Even though Joby Talbot’s Path of Miracles has notched more than 50 performances since the commissioning ensemble Tenebrae debuted it in 2006, the one-hour a cappella choral journey through the medieval (and modern) pilgrimage to Santiago de Compostella is not for fainthearted performers or audiences. Skylark’s confident, raucous, loud, and at times radiant traversal last night at Church of the Redeemer, Chestnut Hill, led this writer on a journey from a skeptical distancing through hypnotic confusion to free-will acceptance.
From its opening eerie rising glissando (a Taiwanese singing effect called pasiputput) for the gentlemen of Nigel Short’s Tenebrae, to the final distribution of the pilgrims having reached Finisterre, west of Santiago – when the singers disappear from the audience’s view, singing and chanting into the distance until all that is left is silence – Joby Talbot’s ambitious a cappella Path of Miracles is little short of a musical miracle itself. Allan Kozinn, New York Times 2011.
Seemingly drawing musically from earlier centuries and our own, while bypassing only the 18th and 19th, Talbot set librettist Robert Dickinson’s Greek, Latin, Spanish, Basque, medieval French, and German quotations, as well as his own English poetry, in overlapping and repeating ostinatos and a couple of chorales among the sometimes complex independent lines, homophony, and pungent cluster-dissonances which reliably resolved into triadic harmonies. Cumulatively his style piles up like no one else’s, though I’m not the only one to have noted whiffs of Kodaly’s relentless girls’ chorus writing, Randall Thompson’s vivid word-painting, and interludes of Whitacre’s commercialism.
Has anyone ever before seen a vocal score (it looks like an orchestral score) with 17 staves? This cannot have been easy to sing with so much going on. In keeping the patterns in strict alignment and tuning some passing-strange intervals, Skylark’s 20 singers under Matthew Guard’s direction met every test they set for themselves, including the very theatrical projections of terror and awe.
The ensemble handed out a gorgeous 12-page, four-color, large-scale program book in keeping with the highest production standards and the need to compensate for multiple languages, repetitions, and confusing overlays in a reverberant space. From the back row of the mostly full church, the group’s repositioning looked meaningful but unclear of purpose. Was it to give prominence to certain lines? I gather the work can also be staged.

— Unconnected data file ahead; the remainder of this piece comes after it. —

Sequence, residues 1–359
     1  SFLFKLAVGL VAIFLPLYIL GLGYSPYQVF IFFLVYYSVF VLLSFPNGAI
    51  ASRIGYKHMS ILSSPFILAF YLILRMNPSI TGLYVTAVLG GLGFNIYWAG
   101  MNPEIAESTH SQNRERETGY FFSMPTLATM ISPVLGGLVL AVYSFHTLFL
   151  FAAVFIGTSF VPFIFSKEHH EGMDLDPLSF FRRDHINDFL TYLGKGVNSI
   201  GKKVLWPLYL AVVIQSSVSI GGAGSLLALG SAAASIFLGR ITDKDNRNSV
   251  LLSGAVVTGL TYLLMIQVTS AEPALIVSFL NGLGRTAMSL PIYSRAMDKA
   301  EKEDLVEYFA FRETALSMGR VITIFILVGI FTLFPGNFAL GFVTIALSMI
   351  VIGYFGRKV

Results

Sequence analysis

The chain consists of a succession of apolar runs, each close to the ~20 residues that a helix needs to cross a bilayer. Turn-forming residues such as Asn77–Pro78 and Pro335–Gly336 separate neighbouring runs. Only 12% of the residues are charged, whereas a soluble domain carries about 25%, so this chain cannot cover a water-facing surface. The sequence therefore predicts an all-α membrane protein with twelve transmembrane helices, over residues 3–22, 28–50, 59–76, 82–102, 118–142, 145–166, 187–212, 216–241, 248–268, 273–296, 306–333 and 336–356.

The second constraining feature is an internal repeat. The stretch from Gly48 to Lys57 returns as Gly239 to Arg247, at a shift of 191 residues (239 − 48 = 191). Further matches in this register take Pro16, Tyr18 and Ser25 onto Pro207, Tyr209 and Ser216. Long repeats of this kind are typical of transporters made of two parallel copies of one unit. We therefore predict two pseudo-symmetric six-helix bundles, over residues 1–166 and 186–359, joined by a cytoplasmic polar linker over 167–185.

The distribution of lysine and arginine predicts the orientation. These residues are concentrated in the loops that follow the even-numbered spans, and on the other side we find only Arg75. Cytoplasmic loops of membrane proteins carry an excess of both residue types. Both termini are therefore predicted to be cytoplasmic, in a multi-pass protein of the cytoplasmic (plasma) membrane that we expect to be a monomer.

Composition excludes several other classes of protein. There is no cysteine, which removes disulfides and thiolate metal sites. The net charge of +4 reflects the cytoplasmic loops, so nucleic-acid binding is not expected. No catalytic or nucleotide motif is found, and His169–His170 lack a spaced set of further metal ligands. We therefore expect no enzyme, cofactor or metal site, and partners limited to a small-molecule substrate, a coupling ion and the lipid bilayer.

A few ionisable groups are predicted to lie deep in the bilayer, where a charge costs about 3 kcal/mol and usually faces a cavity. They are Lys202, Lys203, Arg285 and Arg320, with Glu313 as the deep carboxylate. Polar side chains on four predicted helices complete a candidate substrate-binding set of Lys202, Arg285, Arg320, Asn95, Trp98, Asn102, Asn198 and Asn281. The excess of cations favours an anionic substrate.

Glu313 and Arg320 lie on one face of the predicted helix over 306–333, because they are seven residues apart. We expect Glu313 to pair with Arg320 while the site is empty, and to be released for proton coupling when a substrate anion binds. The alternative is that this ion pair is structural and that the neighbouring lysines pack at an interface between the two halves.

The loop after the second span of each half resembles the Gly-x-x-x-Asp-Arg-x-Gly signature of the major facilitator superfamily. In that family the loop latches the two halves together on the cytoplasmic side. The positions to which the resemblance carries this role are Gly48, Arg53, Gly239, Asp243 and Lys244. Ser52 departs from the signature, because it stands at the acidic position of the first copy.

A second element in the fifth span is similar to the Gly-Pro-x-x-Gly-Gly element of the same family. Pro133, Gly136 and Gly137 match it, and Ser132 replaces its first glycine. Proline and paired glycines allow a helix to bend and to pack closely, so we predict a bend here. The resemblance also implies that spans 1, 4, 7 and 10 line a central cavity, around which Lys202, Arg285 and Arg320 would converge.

The oratorio, in four parts representing the pathway from Roncesvalles in the foothills of the Pyrenees, through the great cathedrals of Burgos, Leon, and Santiago, hardly encouraged the typical beautiful blends with fixed smiles; rather, Skylark’s well-tuned V17 professional vocal engine motored us pilgrims on a conveyance like none other into a world at once ancient and modern.
Tintinnabulating sopranos ornamented, profundo bases droned. At other times the men hummed quietly while a single soprano bared her soul. Aural ornamentation often overlapped raw and unsettling monody. Ostinatos self-replicated. Talbot gave an excerpt from the “Carmina Burana” text a heavy metal exuberance, and the moving opening paean to Santiago comes back full circle at the end.
Richard Scott Carrick’s 2021 dissertation [HERE] lends a helping hand to this writer who is crying to readers from out of his depth:
Talbot composes in a way that does not lend itself to a classical, theoretical framework. For example, a Schenkerian analysis would be uninformative. While Talbot composes within a tonal context, Path of Miracles does not follow the same harmonic traditions as used by composers of the 18th and 19th centuries. … Rhythmic and melodic serve as motoric building blocks…and in combination create a steady current of energy under a very smooth surface.
Other than in recurring bright moments of chorales and a Latinate number that could have come from “Canterbury Tales” (and sounded like an Advent carol), Skylark adopted startlingly straight and raw production unlike anything anyone is likely to have heard from them before. They did not whisper to God, they rather shouted, cajoled, enjoined; they did battle with thieves and henchmen in pursuit of their geographic and spiritual goals, and ultimately recessed into the dark night having found transcendent peace. Our recollection of this singular concert will likely endure.
Lee Eiseman is the publisher of the Intelligencer